Physiological and Psychosocial Assessment Measures in Post-Breast-Cancer Lymphedema

2.50
Hdl Handle:
http://hdl.handle.net/10755/165598
Category:
Abstract
Type:
Presentation
Title:
Physiological and Psychosocial Assessment Measures in Post-Breast-Cancer Lymphedema
Author(s):
Armer, Jane
Author Details:
Jane Armer, PhD, Associate Professor, University of Missouri-Columbia, Sinclair School of Nursing, Columbia, Missouri, USA, email: armer@missouri.edu
Abstract:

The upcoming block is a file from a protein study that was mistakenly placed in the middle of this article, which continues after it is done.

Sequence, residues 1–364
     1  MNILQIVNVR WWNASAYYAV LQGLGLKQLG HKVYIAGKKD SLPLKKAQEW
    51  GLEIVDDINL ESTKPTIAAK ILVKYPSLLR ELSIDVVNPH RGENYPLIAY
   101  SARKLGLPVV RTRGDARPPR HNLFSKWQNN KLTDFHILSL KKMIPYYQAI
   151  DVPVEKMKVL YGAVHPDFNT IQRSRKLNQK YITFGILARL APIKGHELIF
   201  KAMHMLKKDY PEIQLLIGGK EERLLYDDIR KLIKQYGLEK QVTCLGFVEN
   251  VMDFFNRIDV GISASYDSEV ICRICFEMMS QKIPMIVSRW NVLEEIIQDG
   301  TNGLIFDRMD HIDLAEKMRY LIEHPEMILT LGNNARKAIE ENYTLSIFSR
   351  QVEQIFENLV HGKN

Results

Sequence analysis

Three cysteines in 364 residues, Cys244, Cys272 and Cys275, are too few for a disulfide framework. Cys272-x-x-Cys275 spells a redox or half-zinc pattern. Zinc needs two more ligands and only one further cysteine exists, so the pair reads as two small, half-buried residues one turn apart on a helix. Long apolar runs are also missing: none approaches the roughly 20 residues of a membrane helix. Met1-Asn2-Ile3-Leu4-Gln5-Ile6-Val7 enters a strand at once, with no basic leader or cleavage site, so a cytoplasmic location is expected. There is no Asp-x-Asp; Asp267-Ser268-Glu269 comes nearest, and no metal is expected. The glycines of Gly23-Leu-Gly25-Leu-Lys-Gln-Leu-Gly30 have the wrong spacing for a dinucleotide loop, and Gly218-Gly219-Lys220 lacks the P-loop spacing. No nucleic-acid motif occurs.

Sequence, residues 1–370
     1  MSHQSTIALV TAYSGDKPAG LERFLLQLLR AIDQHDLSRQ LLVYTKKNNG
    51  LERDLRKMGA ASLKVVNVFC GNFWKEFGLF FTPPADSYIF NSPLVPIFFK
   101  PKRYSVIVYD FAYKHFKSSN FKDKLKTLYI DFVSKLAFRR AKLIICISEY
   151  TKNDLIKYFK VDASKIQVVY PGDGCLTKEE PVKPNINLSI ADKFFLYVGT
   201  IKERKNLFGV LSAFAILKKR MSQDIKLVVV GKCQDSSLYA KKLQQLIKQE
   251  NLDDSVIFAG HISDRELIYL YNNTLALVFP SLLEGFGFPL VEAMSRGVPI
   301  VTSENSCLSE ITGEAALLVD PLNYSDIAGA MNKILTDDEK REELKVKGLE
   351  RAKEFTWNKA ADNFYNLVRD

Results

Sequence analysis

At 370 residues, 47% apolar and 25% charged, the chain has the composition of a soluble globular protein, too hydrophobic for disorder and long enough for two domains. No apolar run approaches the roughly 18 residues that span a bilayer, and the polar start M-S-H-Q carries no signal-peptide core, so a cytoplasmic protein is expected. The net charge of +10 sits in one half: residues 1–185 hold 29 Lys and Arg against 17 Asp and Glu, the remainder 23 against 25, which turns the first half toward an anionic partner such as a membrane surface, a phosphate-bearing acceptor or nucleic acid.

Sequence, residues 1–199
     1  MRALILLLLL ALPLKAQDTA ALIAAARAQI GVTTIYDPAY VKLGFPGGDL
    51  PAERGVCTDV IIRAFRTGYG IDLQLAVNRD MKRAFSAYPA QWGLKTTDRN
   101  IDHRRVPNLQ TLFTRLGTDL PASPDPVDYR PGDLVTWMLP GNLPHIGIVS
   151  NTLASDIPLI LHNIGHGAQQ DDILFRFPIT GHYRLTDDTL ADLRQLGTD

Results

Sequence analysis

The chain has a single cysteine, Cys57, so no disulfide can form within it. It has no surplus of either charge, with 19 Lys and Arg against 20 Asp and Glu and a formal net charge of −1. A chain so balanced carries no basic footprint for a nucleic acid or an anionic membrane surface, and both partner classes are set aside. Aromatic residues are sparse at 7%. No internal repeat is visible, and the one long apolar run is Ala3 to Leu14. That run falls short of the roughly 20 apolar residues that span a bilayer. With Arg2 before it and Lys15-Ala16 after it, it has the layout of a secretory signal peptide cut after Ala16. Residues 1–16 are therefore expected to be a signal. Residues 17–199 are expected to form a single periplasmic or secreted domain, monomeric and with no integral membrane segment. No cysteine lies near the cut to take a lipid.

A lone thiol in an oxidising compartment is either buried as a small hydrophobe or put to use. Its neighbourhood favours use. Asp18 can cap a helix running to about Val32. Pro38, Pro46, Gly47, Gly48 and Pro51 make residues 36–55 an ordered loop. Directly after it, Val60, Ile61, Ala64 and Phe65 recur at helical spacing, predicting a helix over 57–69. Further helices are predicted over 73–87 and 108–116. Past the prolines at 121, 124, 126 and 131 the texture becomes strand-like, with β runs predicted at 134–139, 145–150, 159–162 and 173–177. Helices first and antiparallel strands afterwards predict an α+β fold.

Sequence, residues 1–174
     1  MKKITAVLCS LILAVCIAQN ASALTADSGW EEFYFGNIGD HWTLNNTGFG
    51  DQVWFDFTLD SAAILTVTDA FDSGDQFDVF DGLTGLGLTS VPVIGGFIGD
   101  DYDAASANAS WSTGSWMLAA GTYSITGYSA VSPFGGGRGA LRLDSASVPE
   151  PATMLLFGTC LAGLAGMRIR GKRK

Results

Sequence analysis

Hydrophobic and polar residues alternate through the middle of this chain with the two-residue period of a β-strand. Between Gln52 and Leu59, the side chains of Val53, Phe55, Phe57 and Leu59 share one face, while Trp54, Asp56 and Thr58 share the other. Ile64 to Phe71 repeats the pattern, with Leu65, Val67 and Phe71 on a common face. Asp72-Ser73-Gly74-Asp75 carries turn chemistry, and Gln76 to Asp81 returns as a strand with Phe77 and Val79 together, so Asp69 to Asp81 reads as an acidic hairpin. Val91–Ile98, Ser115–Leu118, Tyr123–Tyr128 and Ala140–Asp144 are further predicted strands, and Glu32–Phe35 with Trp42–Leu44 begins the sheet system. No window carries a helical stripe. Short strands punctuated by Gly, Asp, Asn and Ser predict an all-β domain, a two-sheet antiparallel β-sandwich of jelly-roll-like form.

Post-breast cancer lymphedema is a chronic, distressful symptom that is poorly understood, acknowledged, and addressed by health providers. Accurate incidence and prevalence are elusive because it is under-reported, secondary to imprecise physiological measures generally used in clinical practice and common disregard for the serious impact on quality of life. The research goals were the (1) description of lymphedema prevalence through increased precision in physiological measurement; (2) description of lymphedema management through self-care and health system measures; and (3) identification of effects of lymphedema on quality of life, health locus of control, and overall adjustment to chronic illness. A descriptive-correlational cross-sectional study design was used to document the prevalence of lymphedema among 103 women treated for breast cancer at a Midwestern United States cancer center. Effects and management of lymphedema were explored among women with lymphedema using qualitative and quantitative measures. Certain psychological measures (quality of life, health locus of control, and overall adjustment to chronic illness) were compared among women with and without lymphedema to increase our understanding of the impact of lymphedema on women's well-being. Additional in-depth qualitative interviews were carried out with women with post-breast cancer lymphedema (N = 20) to assess onset, self-management, and impact on functional ability, family relationships, and quality of life. Further work is now completed comparing circumferences, water displacement, and infra-red laser perometry assessments of limb fluid volume in healthy women and breast cancer survivors (N = 80). These measures will be applied in an on-going prospective study of post-breast cancer lymphedema. A significant portion of the preparation for this study included the development of an assessment tool specific to lymphedema risk factors, identification, onset, and management. The self-care behaviors women used to relieve symptoms were addressed through semi-structured and open-ended questions. The goal was the development of a tool which is useful for scoring risk and guiding recommendations for self-care. Preliminary results, including tool and physiological measurement reliability, will be reported.